Airmen replace stolen Tuskegee medal


By Don Branum
U.S. Air Force Academy Public Affairs

U.S. AIR FORCE ACADEMY, Colo. — A personal tragedy for one of the documented original Tuskegee Airmen ended on a happy note July 22, courtesy of the Colorado Springs community, and airmen from Peterson Air Force Base and the Air Force Academy.

Former 2nd Lt. Franklin Macon received a bronze replica of the Tuskegee Airmen Congressional Gold Medal from Air Force Chief of Staff Gen. Norton Schwartz in a ceremony held in front of the Tuskegee Airmen statue on the academy’s honor court, replacing a replica that had been stolen May 31.

Three other original Tuskegee Airmen — retired Col. Lowell Bell, retired Capt. Sam Hunter Jr. and Aviation Cadet Randy Edwards — attended the ceremony.

Macon received his original gold medal from the president in 2007.


“When I first discovered it was gone, it was a shock,” Macon said. “It felt like my whole world had just disappeared.”

After three weeks, the Colorado Springs Police Department had no leads on the case, and decided to send out a public call for help.

The news release didn’t generate any leads, but the story gained immediate attention in the local area, gaining coverage by both local TV stations and the Gazette. The tale spurred local airmen into action.

Wanted to help

On Peterson Air Force Base, First Lt. Alyssa Tetrault and Jennifer Rounds saw the story and looked into whether the 21st Space Wing could buy a replacement.

“We both thought it was heartbreaking, both that someone would burglarize an 87-year-old and that they’d take a medal signifying a personal honor,” said Tetrault. “The Tuskegee Airmen are an icon for the Air Force and today’s military. I think that’s why everyone was so passionate about finding a medal replacement.”

Rounds “took the bull by the horns,” Tetrault said, offering to track down a replacement Tuskegee Airmen Medal replica. Within an hour, Rounds found that the U.S. Mint sold replicas of the medal for $42.

Col. Steven Whiting, the 21st Space Wing commander at the time, approved the purchase. There was just one problem: The Mint only had one replica left, and officials there didn’t know where it was.

At the academy

Air Force Academy Superintendent Lt. Gen. Mike Gould had also heard about the theft of Macon’s medal, and wanted to find a replacement medal. The two bases’ efforts were “independent, but almost simultaneous,” he said.

Maj. Julian Stephens, the air officer commanding for Cadet Squadron 14 and a liaison for the Hubert L. “Hooks” Jones Chapter of the Tuskegee Airmen Inc., took up the challenge.

“It was the least I could do for what the Tuskegee Airmen did for me as an African American,” said Stephens, a 1996 Academy graduate and native of Sandusky, Ohio.

“The barriers they broke down and the things they had to deal with well overshadow anything we have to deal with today.”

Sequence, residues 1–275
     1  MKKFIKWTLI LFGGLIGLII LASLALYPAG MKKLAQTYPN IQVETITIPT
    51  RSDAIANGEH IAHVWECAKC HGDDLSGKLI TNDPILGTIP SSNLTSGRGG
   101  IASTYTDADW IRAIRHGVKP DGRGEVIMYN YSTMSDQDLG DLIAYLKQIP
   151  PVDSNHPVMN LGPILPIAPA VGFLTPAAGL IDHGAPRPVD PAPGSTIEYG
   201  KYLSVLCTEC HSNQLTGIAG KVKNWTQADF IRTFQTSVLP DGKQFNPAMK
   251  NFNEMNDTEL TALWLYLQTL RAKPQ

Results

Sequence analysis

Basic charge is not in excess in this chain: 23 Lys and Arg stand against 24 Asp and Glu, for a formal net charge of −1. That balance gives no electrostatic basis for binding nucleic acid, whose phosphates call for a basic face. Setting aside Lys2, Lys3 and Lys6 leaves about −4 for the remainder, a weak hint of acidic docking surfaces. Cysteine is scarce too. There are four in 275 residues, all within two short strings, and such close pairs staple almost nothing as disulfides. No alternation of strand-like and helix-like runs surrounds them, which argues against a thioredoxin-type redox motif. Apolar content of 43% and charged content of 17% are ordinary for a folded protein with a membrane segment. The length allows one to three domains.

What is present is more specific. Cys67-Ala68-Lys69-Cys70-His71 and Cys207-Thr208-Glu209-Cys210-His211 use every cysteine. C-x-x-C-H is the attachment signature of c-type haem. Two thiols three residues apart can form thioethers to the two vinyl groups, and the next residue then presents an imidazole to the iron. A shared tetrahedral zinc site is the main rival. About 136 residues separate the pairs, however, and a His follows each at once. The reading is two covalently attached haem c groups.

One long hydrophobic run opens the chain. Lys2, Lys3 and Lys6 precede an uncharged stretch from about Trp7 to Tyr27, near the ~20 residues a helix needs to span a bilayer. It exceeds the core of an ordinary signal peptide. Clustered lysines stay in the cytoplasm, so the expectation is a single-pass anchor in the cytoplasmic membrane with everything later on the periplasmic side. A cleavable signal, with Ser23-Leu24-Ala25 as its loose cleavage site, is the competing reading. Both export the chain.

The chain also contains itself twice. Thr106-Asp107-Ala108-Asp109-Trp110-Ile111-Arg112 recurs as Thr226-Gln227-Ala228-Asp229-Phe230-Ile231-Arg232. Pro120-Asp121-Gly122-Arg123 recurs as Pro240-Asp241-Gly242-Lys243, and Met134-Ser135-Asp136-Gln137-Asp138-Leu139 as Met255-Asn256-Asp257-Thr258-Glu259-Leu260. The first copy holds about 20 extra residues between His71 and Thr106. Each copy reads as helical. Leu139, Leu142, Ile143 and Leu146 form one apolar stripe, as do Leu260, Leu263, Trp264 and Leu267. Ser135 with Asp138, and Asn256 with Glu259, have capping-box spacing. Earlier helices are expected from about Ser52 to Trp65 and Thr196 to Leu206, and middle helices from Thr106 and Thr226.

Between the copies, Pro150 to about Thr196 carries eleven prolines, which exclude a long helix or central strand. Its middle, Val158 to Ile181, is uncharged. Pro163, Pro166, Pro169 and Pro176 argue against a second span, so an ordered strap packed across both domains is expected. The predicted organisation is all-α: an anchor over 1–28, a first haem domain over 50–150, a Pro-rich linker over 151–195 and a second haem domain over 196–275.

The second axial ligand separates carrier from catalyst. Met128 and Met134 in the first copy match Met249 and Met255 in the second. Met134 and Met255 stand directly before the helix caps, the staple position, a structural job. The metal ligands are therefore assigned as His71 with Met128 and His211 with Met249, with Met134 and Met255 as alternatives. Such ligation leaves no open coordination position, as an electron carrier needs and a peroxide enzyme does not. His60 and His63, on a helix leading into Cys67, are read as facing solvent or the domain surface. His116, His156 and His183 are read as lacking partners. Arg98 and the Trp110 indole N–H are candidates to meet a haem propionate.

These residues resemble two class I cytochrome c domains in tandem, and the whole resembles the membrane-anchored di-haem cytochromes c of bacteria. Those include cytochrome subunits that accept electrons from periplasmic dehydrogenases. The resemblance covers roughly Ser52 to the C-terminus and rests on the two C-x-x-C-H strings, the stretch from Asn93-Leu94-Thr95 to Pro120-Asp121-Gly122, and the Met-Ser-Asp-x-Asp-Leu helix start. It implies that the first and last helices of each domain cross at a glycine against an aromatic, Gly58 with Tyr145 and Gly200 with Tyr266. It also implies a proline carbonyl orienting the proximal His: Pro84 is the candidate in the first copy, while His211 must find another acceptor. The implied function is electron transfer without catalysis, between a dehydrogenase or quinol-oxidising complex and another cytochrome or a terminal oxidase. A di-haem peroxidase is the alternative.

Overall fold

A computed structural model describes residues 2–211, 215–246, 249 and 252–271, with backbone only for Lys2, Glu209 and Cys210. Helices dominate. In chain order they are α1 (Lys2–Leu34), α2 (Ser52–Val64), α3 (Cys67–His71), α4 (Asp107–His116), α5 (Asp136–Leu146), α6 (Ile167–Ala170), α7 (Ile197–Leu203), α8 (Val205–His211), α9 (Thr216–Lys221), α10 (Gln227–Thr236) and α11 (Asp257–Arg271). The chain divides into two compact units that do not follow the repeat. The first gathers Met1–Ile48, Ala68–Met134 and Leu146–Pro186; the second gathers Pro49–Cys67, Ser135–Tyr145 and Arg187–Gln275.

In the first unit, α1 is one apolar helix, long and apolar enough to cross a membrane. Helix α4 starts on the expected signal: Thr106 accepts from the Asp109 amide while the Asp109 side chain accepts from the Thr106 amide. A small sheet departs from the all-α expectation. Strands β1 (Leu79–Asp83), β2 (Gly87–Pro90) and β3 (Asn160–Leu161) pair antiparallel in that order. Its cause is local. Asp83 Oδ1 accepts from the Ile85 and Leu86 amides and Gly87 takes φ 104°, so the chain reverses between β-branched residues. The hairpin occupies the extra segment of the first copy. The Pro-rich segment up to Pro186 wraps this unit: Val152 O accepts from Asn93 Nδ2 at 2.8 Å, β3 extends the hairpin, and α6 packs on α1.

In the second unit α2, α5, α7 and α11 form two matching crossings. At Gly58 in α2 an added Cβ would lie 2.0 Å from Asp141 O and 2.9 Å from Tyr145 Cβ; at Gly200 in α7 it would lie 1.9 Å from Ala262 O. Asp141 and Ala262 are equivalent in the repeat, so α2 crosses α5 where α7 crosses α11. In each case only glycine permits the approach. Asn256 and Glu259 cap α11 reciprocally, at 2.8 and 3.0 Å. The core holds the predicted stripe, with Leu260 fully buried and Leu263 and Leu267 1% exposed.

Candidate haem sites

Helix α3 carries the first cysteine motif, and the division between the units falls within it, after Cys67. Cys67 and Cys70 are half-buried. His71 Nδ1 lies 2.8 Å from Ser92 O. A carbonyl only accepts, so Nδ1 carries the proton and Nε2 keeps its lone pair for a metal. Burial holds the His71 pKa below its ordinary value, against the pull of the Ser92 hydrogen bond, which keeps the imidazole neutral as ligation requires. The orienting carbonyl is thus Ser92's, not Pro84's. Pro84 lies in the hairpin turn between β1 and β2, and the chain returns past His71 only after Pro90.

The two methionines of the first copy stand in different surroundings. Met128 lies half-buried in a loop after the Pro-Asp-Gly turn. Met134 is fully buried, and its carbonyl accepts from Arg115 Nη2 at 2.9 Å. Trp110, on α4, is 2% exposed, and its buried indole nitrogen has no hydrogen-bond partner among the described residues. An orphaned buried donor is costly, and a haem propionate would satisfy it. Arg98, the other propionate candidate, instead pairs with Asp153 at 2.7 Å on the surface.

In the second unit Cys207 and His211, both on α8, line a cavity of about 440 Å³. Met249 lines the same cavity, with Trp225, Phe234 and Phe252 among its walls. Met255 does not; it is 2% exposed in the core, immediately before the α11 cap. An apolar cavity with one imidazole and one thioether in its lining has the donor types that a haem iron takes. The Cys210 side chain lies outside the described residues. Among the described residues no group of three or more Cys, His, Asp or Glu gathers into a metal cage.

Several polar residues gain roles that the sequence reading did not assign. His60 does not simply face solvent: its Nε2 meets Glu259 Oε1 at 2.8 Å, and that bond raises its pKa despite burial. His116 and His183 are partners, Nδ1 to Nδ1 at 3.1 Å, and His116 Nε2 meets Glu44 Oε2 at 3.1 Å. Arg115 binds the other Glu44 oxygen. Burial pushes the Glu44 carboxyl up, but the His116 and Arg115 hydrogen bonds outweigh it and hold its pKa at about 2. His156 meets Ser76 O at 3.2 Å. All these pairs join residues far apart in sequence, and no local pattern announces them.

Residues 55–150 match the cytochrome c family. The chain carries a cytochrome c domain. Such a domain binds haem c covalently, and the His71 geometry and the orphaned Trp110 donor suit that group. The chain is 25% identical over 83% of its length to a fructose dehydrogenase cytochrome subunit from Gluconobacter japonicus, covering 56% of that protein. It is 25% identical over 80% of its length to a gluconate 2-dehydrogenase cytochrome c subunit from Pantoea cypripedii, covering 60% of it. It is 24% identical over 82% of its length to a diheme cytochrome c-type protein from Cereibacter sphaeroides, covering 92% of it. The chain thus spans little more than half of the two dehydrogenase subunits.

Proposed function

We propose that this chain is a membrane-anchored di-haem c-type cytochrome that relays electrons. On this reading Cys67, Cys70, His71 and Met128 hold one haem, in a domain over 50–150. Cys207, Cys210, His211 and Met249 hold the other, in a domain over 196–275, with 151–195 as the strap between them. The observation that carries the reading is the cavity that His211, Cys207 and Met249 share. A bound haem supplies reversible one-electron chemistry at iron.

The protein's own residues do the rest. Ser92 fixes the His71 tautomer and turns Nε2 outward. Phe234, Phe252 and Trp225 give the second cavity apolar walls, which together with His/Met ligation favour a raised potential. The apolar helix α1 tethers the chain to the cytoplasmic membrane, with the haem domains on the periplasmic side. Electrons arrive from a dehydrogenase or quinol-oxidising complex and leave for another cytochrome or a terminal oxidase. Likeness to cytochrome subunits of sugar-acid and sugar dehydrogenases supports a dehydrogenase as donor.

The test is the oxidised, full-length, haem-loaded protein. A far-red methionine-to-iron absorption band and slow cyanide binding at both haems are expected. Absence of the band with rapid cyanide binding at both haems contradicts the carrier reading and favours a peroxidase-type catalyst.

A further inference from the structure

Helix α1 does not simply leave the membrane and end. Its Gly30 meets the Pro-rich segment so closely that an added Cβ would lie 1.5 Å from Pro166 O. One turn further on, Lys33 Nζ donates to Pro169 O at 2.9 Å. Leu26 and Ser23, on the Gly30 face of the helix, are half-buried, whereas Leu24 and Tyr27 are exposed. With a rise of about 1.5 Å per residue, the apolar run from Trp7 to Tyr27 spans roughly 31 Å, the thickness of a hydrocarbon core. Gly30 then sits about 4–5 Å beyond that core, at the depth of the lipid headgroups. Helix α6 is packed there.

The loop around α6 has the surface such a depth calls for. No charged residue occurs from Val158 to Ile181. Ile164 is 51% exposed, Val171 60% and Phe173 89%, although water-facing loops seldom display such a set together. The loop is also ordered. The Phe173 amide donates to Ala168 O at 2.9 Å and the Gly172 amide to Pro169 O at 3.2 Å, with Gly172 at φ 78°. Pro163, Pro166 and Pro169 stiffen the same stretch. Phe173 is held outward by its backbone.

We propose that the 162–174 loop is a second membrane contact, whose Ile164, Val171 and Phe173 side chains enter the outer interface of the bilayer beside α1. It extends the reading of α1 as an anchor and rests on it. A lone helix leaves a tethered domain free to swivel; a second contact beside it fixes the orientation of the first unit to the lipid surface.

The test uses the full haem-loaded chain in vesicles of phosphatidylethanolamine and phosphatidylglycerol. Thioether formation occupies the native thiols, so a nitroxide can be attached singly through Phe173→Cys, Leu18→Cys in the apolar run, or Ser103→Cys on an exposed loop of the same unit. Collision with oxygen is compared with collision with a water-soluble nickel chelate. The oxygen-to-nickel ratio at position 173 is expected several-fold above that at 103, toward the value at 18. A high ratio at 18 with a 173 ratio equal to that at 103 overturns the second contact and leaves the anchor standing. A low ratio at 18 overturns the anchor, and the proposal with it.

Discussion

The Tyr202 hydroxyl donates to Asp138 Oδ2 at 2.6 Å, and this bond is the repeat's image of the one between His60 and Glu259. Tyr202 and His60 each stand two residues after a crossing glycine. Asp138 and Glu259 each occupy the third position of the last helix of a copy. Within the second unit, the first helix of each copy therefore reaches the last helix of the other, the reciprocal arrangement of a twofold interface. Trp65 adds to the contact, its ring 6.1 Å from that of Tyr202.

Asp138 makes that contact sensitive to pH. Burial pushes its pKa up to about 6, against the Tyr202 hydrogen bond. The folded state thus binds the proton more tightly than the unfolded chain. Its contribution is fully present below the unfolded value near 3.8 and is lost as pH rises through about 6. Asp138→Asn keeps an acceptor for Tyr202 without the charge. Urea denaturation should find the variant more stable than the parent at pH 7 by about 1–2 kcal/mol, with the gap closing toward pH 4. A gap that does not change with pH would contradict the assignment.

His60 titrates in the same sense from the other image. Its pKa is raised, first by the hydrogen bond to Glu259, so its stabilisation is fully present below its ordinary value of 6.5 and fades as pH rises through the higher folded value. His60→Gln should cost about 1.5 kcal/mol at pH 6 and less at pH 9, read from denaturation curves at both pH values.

Then he found out that the 21st had ordered a replacement and that Col. Chris Crawford, the new wing commander, planned to present it to Macon.

Stephens approached officials at the 21st. The Air Force chief of staff would be in town July 22 to dedicate the Holaday Athletic Center; why not ask him if he could spare the time to present the replacement?

He asked officials at the Pentagon whether Schwartz could open 10 to 15 minutes on his schedule. The major said the answer he received was an enthusiastic “yes.”

However, that still left the problem of receiving the medal. The Mint said the soonest they could deliver a new medal would be August.

“It was kind of an up-and-down feeling,” Macon said. “Will it happen, or won’t it happen?”

Stephens, a career acquisition officer, talked with the Mint, , and “they scoured their inventories and found the last (medal),” Stephens said. “They came through.”

Lifetime of thanks

As the official party departed the July 22 ceremony, Macon became the star of the day. Academy staff members and visitors formed a line to have their pictures taken with Macon and the other original Tuskegee Airmen and to thank the gentlemen for their service.

Macon said the medal symbolizes the effort that all of the Tuskegee Airmen made through World War II. The original gold medal is on display in the Smithsonian Institution’s National Mall Building in the World War II Aviation Exhibit.

And Macon’s replica is back where it belongs.

“To have (the medal) back in my hands again … I can’t express the great feeling I have,” he said. “I really appreciate all the effort that was put into it.”


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  1. I wrote the original story on the Tuskegee Airman medal for the U.S. Air Force Academy website, It troubles me that the Farm and Daily staff saw fit to run my feature, largely verbatim, without my byline. I’m glad to see the story spread, but I would have been even happier to see due credit given for my reporting.

  2. Don,
    Thank you for your comment regarding the lack of appropriate credit on the Tuskegee airman story. As journalists, we did not intentionally omit that information. Our initial understanding was that the information was being circulated as a public affairs news release, which is why the attribution did not appear (published news releases do not carry bylines). After receiving your comment(s), we rechecked the original source, and discovered it was the AF News Service (not news release).
    We have added your identification to the story.


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